Eternal Law
25 March 2006, 02:41 PM
I believe, it is not a chance that this piece of land is called Bharat which is same name using which Krishna gave message of Gita. In Kali Yuga whole world can't become Spiritually awake. In Kali Yuga only this Land whose name is Bharat will become spiritual guide for rest of the Humanity and deep inside i believe this creation of Bharat was the main objective of Krishna and Bhagavad Gita and that was the main reason why Krishna used word Bharat which was destined to become a grand nation and civilization in future. As Sai Baba of Shirdi said nearly 100 years ago, real days of Bhagavad Gita are yet come when almost every home of this nation will have Bhagavad Gita and will understand it's verses.

Sudarshan
25 March 2006, 03:13 PM
I dont beleive in a piece of land being called anything special.( except sacred spots like Kasi, Tirupati etc)

Every bit of the world belongs to Bhagavan and is sacred in that respect. The whole world wont become spiritually awake, we already have too many mlecchas in our own lands. But Gita is for the whole world, and any one who is spiritually serious will find it irrespective of where he is in the world. It is wrong to think Arjuna can be found only in India. They are present all over the world.

I think Indians should never mix India and Hinduism, and never associate the religion with the land called India. Hinduism was incidentally born in India, and thrived here, but the message is meant for the whole world.

satay
25 March 2006, 03:22 PM
I I think Indians should never mix India and Hinduism, and never associate the religion with the land called India. Hinduism was incidentally born in India, and thrived here, but the message is meant for the whole world.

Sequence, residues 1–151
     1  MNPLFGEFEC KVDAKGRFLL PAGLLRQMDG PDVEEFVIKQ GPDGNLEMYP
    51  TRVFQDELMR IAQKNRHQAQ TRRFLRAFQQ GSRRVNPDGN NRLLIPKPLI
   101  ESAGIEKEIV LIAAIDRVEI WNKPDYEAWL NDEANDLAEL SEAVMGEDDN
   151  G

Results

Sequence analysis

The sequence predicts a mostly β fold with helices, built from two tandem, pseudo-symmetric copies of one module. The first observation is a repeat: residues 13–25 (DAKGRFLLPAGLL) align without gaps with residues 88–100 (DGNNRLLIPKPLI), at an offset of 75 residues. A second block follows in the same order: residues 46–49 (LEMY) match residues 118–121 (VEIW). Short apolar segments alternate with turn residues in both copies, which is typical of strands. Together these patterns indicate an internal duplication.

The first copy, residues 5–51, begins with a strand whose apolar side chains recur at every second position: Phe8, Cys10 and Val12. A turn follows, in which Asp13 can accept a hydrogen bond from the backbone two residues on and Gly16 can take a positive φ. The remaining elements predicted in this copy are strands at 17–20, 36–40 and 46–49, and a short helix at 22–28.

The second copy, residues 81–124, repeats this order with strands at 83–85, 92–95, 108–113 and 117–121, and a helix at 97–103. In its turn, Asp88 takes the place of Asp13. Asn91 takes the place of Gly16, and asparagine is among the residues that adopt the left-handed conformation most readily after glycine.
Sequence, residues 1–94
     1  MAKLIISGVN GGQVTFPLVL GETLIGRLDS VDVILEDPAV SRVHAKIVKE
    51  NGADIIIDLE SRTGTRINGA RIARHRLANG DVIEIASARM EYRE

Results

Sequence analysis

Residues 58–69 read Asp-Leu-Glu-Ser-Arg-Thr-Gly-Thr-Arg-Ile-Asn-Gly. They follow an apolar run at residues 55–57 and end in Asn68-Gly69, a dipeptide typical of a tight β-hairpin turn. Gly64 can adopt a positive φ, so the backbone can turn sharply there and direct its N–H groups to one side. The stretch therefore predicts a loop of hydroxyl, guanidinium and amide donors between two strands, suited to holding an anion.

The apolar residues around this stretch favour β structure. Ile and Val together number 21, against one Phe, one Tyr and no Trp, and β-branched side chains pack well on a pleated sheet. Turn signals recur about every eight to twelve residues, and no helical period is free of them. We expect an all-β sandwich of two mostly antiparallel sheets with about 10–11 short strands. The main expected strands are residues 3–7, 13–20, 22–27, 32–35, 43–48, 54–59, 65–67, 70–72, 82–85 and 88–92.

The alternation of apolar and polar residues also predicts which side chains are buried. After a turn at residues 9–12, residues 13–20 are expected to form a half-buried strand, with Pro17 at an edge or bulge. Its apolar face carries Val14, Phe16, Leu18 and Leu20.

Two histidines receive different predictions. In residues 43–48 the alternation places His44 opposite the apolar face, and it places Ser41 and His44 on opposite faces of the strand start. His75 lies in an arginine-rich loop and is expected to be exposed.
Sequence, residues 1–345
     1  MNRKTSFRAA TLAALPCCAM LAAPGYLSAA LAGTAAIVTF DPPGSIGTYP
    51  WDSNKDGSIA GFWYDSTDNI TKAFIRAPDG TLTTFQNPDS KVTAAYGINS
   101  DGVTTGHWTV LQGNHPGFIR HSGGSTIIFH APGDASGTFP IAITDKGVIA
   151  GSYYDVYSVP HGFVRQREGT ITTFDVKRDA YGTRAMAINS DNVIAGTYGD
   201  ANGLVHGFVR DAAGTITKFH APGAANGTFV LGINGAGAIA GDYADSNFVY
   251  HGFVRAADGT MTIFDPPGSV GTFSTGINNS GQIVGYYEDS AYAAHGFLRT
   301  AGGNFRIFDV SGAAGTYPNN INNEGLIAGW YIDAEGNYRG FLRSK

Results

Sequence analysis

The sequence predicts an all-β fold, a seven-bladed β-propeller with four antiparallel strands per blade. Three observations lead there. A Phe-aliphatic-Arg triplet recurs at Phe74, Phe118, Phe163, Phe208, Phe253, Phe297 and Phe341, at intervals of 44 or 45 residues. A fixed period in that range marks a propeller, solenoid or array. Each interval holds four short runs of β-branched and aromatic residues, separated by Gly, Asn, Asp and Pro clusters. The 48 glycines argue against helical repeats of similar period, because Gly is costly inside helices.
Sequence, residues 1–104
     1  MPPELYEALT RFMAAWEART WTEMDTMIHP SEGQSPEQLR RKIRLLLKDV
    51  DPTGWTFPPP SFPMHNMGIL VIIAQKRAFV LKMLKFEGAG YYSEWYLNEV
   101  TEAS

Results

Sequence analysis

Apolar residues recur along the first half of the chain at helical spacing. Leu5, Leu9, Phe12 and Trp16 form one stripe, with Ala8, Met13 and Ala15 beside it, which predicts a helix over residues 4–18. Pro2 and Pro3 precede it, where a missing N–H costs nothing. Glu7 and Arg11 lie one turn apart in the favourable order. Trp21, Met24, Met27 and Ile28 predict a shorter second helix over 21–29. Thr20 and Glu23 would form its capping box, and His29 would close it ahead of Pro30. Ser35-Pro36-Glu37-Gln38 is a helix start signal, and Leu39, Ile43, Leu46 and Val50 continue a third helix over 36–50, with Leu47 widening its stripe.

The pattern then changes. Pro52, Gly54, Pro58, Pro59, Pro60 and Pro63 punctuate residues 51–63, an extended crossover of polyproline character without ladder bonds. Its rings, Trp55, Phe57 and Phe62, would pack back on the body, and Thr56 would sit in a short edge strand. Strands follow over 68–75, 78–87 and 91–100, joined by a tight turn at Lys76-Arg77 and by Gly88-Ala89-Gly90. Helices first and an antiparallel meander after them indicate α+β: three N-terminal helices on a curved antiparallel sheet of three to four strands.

In a way, I agree with you. It's the bogus "hindus" of India that have no spine and show no interest in Dharma and instead are running after donkey's food (money).

Hinduism is for everyone and I am surprised actually and think that it will be thriving once again in the hands of the likes of Dr. Frawley and others. Just look at our sarabhanga and shaivite (Bhakti Yoga seeker)...how passionate they are about Dharma and stand up nicely while the bugus hindus just run after money...

enough said...:)

satay

Eternal Law
25 March 2006, 03:41 PM
You have replied with birth of Hinduism as base which is just 5000 years old logically...whereas i also took previous 3 Yugas into consideration when whole earth was follower of Sanatana Dharma (Sat Yuga) and in every sucessive Yuga it started shrinking. Ofcourse Gita is for all like Sun rays are for all....in kali yuga only Bharat is destined to become that Sun from where Spiritual Rays will move in all directions, sooner or later.

Ram
26 March 2006, 04:48 AM
I don't know why you get this feeling.